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Hate telemarketers

Stop calling me by Maya Taylor

Lottery and Grandchildren scams

January 2, 2017

The most effective scams tend to be the easiest ones. Often telemarketer scams will involve an international lottery. Almost everyone knows how the lotteries work, and a large number of people play the lotteries. If people play them at home, they will be attracted to playing them abroad. Scammers count on this. In a common lottery scam, you receive a cheque from an international lottery in a foreign country. Shortly after this, you receive a phone call telling you that you received the cheque so that you can pay fees, taxes or insurance to free up your larger lottery winnings. You are directed to deposit the cheque and then send the money back to cover these fees, with more money coming soon. However the cheque you have received is counterfeit. By the time your bank determines it is counterfeit and notifies you, it is too late. You have already sent the funds overseas, out of your own account.


Another highly effective lottery scam involves you receiving a call from a telemarketer offering to enroll you in a foreign lottery. To make it easy for you, the caller even offers to take a small amount each week, charging your credit card to make it even more convenient. The amount can be as small as $10. Occasionally the scammer will send you some small ‘winning’ amount, however the pay outs will never match what you have are paying weekly. Ultimately the small payments add up, and you are out a large sum of money before you figure out that you are being scammed.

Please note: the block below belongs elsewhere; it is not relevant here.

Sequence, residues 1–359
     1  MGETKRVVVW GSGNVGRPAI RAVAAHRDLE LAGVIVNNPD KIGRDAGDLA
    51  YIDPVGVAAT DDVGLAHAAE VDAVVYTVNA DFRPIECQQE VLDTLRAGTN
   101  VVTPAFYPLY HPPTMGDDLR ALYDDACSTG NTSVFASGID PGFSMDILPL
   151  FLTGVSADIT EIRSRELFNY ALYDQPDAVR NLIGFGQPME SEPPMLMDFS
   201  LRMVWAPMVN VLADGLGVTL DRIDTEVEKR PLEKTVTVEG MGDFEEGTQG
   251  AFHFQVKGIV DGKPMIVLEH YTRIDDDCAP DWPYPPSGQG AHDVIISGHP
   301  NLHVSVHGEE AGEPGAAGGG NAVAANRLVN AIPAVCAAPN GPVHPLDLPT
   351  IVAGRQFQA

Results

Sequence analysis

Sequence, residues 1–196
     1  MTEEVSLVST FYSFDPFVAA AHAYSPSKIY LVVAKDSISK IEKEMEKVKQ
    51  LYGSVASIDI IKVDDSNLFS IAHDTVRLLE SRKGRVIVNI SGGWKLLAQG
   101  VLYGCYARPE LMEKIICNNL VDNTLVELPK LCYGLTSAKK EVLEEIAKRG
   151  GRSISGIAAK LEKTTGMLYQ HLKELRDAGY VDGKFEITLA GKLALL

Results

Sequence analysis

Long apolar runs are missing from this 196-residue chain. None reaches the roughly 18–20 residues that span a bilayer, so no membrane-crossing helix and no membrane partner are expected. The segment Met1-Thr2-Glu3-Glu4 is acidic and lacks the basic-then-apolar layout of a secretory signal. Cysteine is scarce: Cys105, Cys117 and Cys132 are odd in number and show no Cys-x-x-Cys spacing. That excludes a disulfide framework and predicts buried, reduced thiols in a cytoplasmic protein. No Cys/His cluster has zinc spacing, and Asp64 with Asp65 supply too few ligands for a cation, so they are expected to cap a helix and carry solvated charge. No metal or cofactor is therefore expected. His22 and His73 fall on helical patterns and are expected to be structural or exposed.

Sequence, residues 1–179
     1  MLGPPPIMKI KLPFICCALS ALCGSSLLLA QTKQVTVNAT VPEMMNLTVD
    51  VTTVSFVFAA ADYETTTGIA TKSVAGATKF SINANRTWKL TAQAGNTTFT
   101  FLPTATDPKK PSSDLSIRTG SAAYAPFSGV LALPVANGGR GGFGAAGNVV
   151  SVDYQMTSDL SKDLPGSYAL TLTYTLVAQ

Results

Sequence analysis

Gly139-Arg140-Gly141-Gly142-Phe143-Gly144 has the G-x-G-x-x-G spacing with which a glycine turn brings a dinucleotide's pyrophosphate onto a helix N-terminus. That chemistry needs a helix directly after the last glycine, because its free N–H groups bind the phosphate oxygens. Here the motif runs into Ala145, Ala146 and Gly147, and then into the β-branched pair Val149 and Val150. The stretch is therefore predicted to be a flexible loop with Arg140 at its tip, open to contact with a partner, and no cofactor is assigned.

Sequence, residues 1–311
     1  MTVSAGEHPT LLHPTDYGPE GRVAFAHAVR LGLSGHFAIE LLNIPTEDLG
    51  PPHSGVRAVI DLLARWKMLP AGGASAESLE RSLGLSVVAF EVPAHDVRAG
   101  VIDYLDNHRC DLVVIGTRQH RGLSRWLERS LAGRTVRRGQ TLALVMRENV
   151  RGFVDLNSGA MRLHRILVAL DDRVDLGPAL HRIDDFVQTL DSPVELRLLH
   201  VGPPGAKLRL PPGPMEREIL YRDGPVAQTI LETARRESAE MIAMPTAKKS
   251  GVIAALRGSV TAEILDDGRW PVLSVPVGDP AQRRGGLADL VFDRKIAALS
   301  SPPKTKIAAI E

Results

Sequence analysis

Family members are often used to lend credibility to scams, and Seniors are often the prey. A highly effective scam aimed at Seniors is one that has the Senior receive a call form a young person who begins the conversation by saying, “Grandma (or Grandpa) it’s me”. The Senior will offer a name that the caller will adopt, and then begin to tell a story that requires the grandparent to offer financial assistance because the youth is in a jam, and they don’t want to tell their parents because they would get into trouble. The ever-loving grandparent agrees to help, and the caller says they will send a friend over to pick up the money. If the Senior is told the caller is abroad and they have to wire the money, shortly after the first payment they will receive a second call from someone pretending to be a lawyer asking for even more money to pay for services to help out the troubled youth. If there are multiple calls, the losses can add up quickly.


In most telemarketing scams, the calls originate from foreign countries. While many Telemarketing Scammers are convincing, it is wise to be wary of calls received from foreign countries, especially from people you don’t know.  Always remember, if the offer is too good to be true, because, it probably is.

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